This page contains a selection of recent news articles and commentary about male victims of violence and abuse plus related issues. These articles are presented as a community service, and do not necessarily reflect the views of the One in Three Campaign.

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The male victims of domestic violence (UK)

Men experiencing domestic violence is rarely reported. But according to the government and various voluntary agencies there has been a dramatic increase in the number of calls received by men who claim to be suffering physical and mental abuse at home. Many men are too afraid to admit to being victims Last week, BBC News Online and BBC Radio Ulster broadcast moving and very dramatic stories of women who have suffered physical violence at the hands of men. But what about men who suffer at the hands of women? We received many messages from men asking us to look at this taboo subject. For the past week, I have been investigating this hidden issue, many of the men I spoke to about their experiences did so for the first time. Many men are too afraid and embarrassed to admit to being victims of domestic violence.

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Men railroaded by corrupt family violence research

For thirty years now, researchers have known that wives kick, punch, stab, or shoot their husbands about as often as husbands kick, punch, stab, or shoot their wives. But federal law ignores the facts and instead uses the power of the purse to get states to impose Kafkaesque policies that punish victimized men and reward violent women.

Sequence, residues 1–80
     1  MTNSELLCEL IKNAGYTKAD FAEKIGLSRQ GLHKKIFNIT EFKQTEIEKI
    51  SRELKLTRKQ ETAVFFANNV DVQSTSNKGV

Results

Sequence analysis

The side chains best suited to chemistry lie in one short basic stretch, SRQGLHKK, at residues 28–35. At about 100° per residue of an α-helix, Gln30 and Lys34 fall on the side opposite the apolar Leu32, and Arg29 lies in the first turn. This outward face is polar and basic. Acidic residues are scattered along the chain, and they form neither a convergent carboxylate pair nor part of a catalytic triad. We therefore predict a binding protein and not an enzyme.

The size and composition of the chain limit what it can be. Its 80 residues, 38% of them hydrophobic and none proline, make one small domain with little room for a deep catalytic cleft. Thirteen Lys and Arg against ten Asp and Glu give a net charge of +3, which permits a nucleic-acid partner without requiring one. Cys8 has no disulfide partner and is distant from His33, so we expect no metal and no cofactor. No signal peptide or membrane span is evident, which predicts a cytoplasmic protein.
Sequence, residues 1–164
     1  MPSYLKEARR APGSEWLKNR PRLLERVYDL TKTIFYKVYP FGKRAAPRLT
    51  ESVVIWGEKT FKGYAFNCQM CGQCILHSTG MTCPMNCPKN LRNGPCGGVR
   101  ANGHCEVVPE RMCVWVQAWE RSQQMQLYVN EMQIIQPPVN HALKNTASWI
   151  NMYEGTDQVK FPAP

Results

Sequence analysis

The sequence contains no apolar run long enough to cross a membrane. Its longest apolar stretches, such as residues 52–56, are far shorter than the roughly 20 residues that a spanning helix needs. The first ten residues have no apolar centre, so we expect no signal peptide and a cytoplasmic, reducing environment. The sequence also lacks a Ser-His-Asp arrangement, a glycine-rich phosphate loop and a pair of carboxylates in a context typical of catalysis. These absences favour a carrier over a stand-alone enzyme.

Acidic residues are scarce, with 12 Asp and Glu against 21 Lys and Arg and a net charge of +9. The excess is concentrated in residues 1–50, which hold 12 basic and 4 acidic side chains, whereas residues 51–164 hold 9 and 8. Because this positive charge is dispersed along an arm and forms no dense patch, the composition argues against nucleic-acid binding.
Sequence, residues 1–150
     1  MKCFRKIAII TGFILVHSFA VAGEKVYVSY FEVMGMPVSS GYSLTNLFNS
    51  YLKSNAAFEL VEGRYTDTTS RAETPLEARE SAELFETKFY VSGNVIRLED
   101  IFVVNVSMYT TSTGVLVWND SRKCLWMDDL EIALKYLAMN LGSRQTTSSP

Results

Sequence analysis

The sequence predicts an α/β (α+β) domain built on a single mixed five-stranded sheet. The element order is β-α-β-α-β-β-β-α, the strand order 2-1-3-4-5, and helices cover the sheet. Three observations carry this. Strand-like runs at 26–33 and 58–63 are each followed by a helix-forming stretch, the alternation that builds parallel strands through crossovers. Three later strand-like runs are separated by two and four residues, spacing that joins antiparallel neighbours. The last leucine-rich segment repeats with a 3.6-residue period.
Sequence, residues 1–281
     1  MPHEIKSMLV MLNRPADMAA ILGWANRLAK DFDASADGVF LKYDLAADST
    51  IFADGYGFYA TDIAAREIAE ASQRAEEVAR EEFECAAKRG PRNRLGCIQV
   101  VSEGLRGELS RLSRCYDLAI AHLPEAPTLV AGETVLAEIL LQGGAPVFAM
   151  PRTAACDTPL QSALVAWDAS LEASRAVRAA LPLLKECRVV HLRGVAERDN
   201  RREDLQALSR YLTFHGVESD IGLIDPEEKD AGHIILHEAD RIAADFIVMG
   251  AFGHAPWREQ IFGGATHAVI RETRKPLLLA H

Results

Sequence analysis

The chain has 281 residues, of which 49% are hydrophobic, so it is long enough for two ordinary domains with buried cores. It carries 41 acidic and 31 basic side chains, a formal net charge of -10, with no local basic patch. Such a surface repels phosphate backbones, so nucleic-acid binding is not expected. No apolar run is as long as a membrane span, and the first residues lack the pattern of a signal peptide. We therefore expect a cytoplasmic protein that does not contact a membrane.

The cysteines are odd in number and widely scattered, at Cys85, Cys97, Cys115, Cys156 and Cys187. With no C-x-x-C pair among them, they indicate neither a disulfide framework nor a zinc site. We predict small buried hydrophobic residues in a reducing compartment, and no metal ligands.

Back in 1975, the First National Family Violence Survey turned up results that surprised even the sociologists conducting the survey. Wives attack husbands about as often as husbands attack wives. And wives attack first about as often as husbands attack first, which is strong evidence that women’s assaults on men can’t be explained away simply as self-defense. But battered women’s advocates were intent on portraying domestic violence as something only men do and only women suffer from. So they’d conveniently leave out the part about women’s assaults on men whenever they cited the study’s results.

Susan R. Paisner is a criminologist and longtime advocate for abused women and men. She recalls being stunned by the hostile attitudes toward male victims that she encountered at one of the nation’s first conferences on domestic violence. She naively thought that “we were all there to do good -- for all who needed it.” Yet when she mentioned having read a brief newspaper article about male victims, many of the other women at the conference turned on her, saying, “This is OUR issue, OUR cause. If men are battered, then let other MEN do something for them.”

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